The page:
One of the original motives for demoting Pluto was a perceived need to keep the number of solar system planets small. That has no scientific basis whatsoever. We already know the universe has billions of planets. If our solar system has nine, 90, or 900, then that is what it has. We can distinguish the different types of planets through the use of multiple subcategories.
Ebel is incorrect when he says there is an object in the Kuiper Belt larger than Pluto. His data is nearly four years old. In November 2010, Eris, the object to which he refers, initially thought to be larger than Pluto, was found to be marginally smaller than Pluto when it occulted a star.

Opposition to Pluto's demotion is not based on emotions, and you do a disservice by attributing the position to feelings. Opposition to Pluto's demotion and support of its planet status is based on the scientifically sound geophysical planet definition, the one adhered to by Dr. Stern and many professional astronomers who view dwarf planets as a subclass of planets. According to the geophysical planet definition, a planet is any non-self-luminous spheroidal body orbiting a star, orbiting another planet, or free floating in space. If an object is large enough and massive enough to have attained hydrostatic equilibrium, meaning it is squeezed into a round shape by its own gravity, according to the geophysical planet definition, it is a planet.

Significantly, Stern is the person who first coined the term "dwarf planet," and he did so with the intention that it would refer to a third class of planets in addition to terrestrials and jovians, not to non-planets.

Regardless of which is bigger, both Pluto and Eris are well beyond the threshold for being in hydrostatic equilibrium, meaning according to the geophysical planet definition, both are planets.

In fact, it is the supporters of the IAU definition whose decision is based on emotion, specifically, the position that our solar system cannot have too many planets because kids will not be able to memorize their names. Our solar system has whatever number of planets it has, and memorization is not important for learning; what is important is an understanding of the different types of planets and their characteristics. We don't ask kids to memorize the names of all the mountains and rivers on Earth or of all Jupiter's 67 moons.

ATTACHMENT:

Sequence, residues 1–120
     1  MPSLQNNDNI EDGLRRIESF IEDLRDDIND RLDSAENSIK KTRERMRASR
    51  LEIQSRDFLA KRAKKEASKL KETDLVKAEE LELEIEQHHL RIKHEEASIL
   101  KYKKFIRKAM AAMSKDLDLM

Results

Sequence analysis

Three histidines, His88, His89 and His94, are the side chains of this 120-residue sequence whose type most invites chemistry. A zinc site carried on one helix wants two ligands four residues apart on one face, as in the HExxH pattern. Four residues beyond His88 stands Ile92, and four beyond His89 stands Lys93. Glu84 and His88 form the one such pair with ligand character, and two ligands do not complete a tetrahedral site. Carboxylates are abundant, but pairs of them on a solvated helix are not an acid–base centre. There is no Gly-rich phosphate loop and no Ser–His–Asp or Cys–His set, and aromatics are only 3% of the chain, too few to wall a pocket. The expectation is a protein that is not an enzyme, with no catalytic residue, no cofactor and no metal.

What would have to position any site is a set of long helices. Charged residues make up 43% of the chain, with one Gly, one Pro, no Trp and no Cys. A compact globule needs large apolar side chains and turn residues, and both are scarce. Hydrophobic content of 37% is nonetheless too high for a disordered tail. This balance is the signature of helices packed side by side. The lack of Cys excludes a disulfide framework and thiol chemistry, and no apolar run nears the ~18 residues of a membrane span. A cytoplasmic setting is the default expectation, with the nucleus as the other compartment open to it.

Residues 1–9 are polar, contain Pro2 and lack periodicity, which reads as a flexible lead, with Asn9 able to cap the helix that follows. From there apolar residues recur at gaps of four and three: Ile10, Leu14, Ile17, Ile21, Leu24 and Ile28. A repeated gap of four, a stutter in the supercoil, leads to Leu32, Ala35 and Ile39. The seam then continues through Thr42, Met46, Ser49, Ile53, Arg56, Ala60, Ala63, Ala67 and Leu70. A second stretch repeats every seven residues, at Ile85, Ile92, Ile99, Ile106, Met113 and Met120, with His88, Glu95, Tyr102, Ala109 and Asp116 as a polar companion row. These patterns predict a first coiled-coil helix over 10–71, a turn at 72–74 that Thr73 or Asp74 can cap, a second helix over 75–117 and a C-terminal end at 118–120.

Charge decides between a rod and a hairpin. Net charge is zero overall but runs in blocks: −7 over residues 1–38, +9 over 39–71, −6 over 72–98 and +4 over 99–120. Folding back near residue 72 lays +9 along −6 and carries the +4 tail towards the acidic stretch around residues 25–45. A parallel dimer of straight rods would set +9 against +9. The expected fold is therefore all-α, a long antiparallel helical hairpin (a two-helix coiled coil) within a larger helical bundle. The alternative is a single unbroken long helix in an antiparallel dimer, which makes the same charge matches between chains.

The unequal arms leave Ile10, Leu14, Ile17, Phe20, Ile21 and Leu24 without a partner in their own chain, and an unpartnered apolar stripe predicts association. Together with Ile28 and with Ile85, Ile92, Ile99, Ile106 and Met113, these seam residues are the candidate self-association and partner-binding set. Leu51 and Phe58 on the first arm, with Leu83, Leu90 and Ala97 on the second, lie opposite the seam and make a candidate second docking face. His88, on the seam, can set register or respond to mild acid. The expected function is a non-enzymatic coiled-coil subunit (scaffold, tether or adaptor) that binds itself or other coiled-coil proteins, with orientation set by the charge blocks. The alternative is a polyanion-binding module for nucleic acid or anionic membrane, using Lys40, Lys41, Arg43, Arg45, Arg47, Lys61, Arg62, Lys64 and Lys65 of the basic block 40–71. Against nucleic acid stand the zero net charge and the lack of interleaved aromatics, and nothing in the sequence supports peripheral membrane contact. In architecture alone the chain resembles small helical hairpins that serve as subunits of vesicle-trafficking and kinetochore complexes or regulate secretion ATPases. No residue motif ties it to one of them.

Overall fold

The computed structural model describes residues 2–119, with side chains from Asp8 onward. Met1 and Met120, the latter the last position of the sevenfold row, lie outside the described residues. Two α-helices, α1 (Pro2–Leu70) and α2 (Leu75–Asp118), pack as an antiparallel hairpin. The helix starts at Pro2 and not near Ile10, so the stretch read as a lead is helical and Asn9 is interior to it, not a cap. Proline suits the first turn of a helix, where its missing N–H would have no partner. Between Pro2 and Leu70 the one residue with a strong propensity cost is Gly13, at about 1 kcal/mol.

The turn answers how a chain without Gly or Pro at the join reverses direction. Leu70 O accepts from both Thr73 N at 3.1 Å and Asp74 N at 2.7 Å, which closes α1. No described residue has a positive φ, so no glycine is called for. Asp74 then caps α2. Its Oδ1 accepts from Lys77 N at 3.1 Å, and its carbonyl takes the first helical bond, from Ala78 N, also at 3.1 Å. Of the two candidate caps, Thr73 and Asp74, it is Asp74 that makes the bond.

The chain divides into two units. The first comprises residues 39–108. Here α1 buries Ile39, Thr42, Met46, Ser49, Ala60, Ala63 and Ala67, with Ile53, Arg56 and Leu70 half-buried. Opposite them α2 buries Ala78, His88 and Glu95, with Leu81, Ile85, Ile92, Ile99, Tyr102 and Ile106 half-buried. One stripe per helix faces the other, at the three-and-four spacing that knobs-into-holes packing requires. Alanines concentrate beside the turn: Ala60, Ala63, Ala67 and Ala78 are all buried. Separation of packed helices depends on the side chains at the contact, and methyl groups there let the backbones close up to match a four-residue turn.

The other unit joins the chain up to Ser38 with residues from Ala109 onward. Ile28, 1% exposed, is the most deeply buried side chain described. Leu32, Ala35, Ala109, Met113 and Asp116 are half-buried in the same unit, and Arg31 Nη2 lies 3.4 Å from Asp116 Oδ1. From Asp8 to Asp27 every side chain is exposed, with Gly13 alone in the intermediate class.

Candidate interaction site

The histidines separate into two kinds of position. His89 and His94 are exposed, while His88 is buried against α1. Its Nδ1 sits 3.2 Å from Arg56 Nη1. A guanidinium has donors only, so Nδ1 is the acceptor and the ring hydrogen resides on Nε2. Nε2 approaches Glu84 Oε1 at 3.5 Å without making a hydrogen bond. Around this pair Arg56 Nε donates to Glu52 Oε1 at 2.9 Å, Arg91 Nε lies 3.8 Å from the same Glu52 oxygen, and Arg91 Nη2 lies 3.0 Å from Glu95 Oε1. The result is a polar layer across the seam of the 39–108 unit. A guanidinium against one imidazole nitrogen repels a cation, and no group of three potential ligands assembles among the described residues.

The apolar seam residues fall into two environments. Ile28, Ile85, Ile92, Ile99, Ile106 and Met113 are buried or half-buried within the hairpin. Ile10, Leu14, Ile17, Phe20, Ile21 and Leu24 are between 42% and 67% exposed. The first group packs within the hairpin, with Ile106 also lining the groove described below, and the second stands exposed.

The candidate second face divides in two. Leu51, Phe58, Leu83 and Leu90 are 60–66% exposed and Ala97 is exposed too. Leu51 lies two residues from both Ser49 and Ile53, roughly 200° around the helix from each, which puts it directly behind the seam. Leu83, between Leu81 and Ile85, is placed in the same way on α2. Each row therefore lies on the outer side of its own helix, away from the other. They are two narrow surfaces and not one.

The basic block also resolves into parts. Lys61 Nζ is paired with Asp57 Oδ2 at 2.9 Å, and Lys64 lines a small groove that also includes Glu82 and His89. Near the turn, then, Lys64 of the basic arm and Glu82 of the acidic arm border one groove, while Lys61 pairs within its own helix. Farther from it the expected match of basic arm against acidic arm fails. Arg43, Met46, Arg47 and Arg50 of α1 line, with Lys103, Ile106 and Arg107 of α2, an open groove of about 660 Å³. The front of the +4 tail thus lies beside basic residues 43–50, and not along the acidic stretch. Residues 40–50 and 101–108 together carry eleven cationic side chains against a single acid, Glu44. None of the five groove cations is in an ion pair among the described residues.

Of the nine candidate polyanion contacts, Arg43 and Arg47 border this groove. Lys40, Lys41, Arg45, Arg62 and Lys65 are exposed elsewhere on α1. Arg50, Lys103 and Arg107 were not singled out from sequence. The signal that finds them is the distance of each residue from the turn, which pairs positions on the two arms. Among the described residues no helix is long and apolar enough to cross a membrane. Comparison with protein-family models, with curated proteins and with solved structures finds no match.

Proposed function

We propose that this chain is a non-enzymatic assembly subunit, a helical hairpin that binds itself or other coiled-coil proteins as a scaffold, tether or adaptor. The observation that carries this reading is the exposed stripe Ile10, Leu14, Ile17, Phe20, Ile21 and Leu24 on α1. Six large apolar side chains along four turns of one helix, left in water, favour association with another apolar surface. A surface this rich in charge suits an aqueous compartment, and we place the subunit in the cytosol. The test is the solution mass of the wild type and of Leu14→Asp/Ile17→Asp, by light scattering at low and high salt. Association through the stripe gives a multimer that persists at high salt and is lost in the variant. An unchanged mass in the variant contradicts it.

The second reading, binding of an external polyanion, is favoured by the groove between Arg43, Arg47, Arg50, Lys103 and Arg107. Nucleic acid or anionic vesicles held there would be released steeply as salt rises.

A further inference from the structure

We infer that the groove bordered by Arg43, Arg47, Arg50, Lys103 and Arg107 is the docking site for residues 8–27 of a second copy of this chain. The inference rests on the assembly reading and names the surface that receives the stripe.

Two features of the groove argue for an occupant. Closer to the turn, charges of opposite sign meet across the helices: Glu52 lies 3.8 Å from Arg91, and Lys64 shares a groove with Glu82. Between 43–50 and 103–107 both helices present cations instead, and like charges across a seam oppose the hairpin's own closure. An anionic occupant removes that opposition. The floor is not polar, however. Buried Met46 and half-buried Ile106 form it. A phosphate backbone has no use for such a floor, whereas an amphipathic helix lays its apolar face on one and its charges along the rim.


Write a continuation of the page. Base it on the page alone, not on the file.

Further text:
This debate remains ongoing because people ranging from children to professional astronomers understand that the IAU definition, adopted by only four percent of its members, most of whom are not planetary scientists, is a very poor one and was adopted in a flawed process that violated the IAU's own bylaws. Significantly, an equal number of professional astronomers signed a formal petition rejecting the IAU definition.

The media erred in reporting one position, the IAU view, as fact, when what it really is is one view in an ongoing debate. To adherents of the geophysical planet definition, Pluto never stopped being a planet, and our solar system does not have eight planets; it has a minimum of 14 and counting.

Walter is also incorrect about an "age divide." Scientists strongly on either side of this debate tend to see what they want to see from the public and students. I and many amateur and professional astronomers have done a lot of outreach over the last eight years and have found that people of all ages overwhelmingly support Pluto's status as a planet.

Notably, unlike the overwhelming majority of Kuiper Belt Objects, Pluto has most of the same features that larger planets have. It has geology and weather; is differentiated into core, mantle, and crust; and may even harbor a subsurface ocean. As Dr. Stern says, "And I can’t think of a single distinguishing characteristic that would set apart Pluto and other things that you’d call a planet, other than its size. So I like to say, a Chihuahua is still a dog."

For more on the case for Pluto, visit my Pluto Blog at